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Posts Tagged ‘belief’

As I think about starting my new work in university chaplaincy, I’m even more interested than I was before about what it’s like to be a young person in the UK today, what questions young people have, and what they do or don’t believe.

So I was drawn to the headline on the YouGov site: ‘British Youth Reject Religion’. I’ll copy the main points below and you can come to your own conclusions:

Religious figures have the least influence on the lives of young Britons – and more say religion is a force for evil than a force for good

In the 2011 Census, 59% of the population described themselves as Christian and only a quarter reported having no religion. But a new poll of young people for the Sun by YouGov finds that the place of religion in the lives of young Britons is smaller than ever.

YouGov asked 18-24 year olds which figures have influence on their lives, and religious leaders came out on bottom: only 12% feel influenced by them, which is far less than even politicians (38%), brands (32%) and celebrities (21%).

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The reputation of religion amongst young people is actually more negative than neutral: 41% agree that “religion is more often the cause of evil in the world” and only 14% say it is a cause for good.

When asked if they believe in God, only 25% say they do. 19% believe in some non-Godlike “spiritual greater power” and a further 38% believe in no God or spiritual power whatsoever.

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Amongst believers, the most represented denominations are Church of England (13%), then Roman Catholic (9%) and Muslim (4%).

The low influence of religious leaders doesn’t surprise me, because so few young people have real human contact with them. But I’m really taken aback by the 41% agreeing that “religion is more often the cause of evil in the world”.

You can see the full results here.

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It’s good to be ambitious in a film. It takes a lot of courage to deal with sickness, mortality, bereavement, love, friendship, marriage, parenting, creativity, culture, fame, failure – oh, and Beethoven – in under two hours.

An acclaimed New York string quartet have been playing together for twenty-five years. The cellist is diagnosed with Parkinson’s. And with this unexpected crisis everything else starts to unravel – the music, the relationships, even the past.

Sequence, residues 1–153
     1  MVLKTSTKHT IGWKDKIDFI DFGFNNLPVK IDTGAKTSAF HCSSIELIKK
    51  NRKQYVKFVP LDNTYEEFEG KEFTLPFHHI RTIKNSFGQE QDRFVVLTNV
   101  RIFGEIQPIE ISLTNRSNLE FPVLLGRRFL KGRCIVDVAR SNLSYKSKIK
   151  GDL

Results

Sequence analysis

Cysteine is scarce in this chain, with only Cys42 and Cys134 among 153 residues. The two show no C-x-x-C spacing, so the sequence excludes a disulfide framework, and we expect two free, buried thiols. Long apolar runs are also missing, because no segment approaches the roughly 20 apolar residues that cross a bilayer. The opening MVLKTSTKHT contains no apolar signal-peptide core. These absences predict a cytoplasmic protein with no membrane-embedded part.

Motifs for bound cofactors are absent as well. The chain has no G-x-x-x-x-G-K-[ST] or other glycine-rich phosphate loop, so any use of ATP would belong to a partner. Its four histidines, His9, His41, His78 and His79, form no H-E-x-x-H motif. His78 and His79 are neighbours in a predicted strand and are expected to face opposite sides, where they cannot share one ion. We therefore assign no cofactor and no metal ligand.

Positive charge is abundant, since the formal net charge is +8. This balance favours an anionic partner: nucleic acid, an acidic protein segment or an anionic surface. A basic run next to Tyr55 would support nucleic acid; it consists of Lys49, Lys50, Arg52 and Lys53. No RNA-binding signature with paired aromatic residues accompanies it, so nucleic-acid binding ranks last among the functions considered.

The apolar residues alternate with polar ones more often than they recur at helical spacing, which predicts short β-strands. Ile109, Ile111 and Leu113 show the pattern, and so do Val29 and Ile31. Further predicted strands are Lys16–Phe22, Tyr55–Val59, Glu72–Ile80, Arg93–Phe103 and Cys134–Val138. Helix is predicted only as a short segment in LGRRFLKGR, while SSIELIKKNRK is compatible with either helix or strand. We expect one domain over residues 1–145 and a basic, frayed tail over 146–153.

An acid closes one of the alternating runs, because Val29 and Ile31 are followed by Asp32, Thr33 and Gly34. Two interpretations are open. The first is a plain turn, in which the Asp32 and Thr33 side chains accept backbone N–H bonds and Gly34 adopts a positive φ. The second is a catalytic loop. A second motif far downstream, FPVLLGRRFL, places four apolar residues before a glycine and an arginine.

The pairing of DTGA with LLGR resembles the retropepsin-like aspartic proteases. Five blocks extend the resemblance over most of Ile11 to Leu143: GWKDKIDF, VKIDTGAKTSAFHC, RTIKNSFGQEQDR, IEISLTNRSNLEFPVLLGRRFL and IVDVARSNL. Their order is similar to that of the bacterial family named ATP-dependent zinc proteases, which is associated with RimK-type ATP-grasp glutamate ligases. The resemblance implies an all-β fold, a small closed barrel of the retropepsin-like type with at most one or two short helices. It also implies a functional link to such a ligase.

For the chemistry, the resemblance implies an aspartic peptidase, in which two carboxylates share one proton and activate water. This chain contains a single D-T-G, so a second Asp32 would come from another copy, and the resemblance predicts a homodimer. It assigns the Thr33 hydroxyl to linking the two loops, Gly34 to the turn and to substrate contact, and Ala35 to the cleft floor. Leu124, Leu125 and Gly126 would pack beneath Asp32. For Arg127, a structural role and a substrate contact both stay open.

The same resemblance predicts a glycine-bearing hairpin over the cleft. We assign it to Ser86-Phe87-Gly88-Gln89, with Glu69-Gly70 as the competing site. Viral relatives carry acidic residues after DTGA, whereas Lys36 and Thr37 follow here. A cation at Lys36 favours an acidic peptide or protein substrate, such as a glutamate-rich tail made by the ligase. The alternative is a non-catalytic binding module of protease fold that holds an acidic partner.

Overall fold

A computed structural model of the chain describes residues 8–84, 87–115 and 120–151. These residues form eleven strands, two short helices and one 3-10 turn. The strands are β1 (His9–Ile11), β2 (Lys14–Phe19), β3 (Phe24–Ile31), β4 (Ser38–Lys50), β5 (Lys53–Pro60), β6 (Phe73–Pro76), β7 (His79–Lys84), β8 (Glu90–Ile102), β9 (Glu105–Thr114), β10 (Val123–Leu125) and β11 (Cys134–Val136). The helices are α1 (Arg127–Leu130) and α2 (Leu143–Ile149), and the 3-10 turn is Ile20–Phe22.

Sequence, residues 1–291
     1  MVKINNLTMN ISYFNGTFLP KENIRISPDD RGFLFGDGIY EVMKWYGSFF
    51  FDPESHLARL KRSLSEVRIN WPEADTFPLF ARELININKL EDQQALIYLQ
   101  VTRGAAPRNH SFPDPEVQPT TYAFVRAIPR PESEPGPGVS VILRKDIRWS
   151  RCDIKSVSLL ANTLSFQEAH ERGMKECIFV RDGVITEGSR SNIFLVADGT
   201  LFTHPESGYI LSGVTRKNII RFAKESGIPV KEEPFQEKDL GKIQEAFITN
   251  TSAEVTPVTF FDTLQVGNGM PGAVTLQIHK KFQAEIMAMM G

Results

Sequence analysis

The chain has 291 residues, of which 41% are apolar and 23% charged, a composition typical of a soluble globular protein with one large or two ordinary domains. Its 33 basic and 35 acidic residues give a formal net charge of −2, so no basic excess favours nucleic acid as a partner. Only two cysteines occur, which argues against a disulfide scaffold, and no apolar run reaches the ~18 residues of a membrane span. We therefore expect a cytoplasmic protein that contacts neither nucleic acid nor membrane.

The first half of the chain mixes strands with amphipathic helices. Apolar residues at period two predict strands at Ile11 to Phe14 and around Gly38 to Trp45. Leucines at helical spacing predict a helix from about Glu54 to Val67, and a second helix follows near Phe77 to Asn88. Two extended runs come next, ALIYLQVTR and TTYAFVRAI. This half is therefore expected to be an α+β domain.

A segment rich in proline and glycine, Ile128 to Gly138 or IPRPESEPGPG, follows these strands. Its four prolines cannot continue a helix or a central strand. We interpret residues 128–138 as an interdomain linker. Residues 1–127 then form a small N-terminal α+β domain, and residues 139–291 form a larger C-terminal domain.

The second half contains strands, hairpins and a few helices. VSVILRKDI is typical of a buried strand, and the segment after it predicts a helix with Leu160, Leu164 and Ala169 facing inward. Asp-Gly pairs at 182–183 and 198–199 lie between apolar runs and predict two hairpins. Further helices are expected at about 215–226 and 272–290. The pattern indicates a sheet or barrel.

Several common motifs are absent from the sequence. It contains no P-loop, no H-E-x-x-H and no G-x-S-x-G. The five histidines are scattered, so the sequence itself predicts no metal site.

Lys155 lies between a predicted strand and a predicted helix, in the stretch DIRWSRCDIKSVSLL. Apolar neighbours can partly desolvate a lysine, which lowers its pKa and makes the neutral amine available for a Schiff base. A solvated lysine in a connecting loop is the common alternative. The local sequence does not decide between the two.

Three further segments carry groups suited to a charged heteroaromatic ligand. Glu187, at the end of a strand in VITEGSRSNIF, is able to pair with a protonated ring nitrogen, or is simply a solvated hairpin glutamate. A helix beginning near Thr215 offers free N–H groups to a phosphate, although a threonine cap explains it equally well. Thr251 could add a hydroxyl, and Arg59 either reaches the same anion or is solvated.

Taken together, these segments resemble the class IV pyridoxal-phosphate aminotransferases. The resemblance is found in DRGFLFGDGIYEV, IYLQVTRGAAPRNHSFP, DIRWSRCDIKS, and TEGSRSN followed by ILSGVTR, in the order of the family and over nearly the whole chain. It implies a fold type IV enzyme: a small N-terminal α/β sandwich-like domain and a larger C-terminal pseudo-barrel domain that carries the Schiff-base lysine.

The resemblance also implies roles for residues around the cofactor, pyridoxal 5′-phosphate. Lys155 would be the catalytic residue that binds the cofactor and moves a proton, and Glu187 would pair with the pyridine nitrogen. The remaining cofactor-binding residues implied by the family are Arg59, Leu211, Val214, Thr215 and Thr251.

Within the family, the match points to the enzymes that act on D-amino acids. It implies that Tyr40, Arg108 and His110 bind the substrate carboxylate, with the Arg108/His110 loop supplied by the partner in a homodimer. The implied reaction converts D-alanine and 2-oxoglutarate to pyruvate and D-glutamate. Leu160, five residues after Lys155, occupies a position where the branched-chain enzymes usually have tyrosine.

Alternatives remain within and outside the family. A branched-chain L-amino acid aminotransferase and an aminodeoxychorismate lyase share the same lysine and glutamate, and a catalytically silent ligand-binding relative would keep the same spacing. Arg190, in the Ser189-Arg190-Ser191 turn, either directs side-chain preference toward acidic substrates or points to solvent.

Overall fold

Most of this works. There are some powerful scenes. But somehow it didn’t quite fit together for me; I didn’t quite believe in the characters. It felt contrived.

Now surely this is an unfair criticism. The whole point of a chamber piece like this is that it is contrived: five characters (there is a daughter too), on stage before us for two hours, everything as carefully constructed as Beethoven’s quartet itself (op. 131).

It made me wonder about what was missing. Why is it that in a classic Woody Allen film (Annie Hall, Manhattan, Hannah and her Sisters, etc), however extraordinary the characters, and however overwrought the plot, you still believe that they have an existence beyond the film, that you are stepping into their life rather than seeing a life momentarily created for your entertainment?

Why does the willing suspension of disbelief sometimes work and sometimes not? I think this was too actorly, in a self-conscious way; verging on the melodramatic; and simply not as funny as Allen. And without the ragged edges that allow the film in front of you to fade into an imagined reality behind the screen. All of this, somehow, takes away from the authenticity that is the mark of a great film.

So it’s a good film! Go and see it. But with something missing…

Here is the Beethoven:

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Are you a robot when it comes to reciting the Creed each Sunday? Do you hear what you are saying? Do you understand what you are hearing? Do you believe what you understand? Do you live what you believe? Do you share with others why you are living the way you do?

This wonderful video was used on a retreat I went to over the New Year, and it’s been going around Facebook since then. Here it is, in case you haven’t seen it yet.

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Take a look at this great optical illusion. Stay with it for a few moments, and then there is a wonderful ‘aaaah…’ moment.

I don’t want to turn this into a philosophical treatise, but it shows – as all optical illusions do – how wrong our first impressions can be, and how there can be a completely different way of looking at things that hasn’t occurred to us. On the other hand, it shows how the ‘solution’, the truth of the situation, is usually something that makes complete sense to us in the terms of the knowledge that we previously had – otherwise it wouldn’t actually be a solution for us.

So an illusion like this momentarily undermines our hold on truth, and yet reinforces the hold that truth has on us. The experience of being deluded or mistaken isn’t actually an argument for scepticism, because you can only know you are mistaken if you have some new purchase on the truth.

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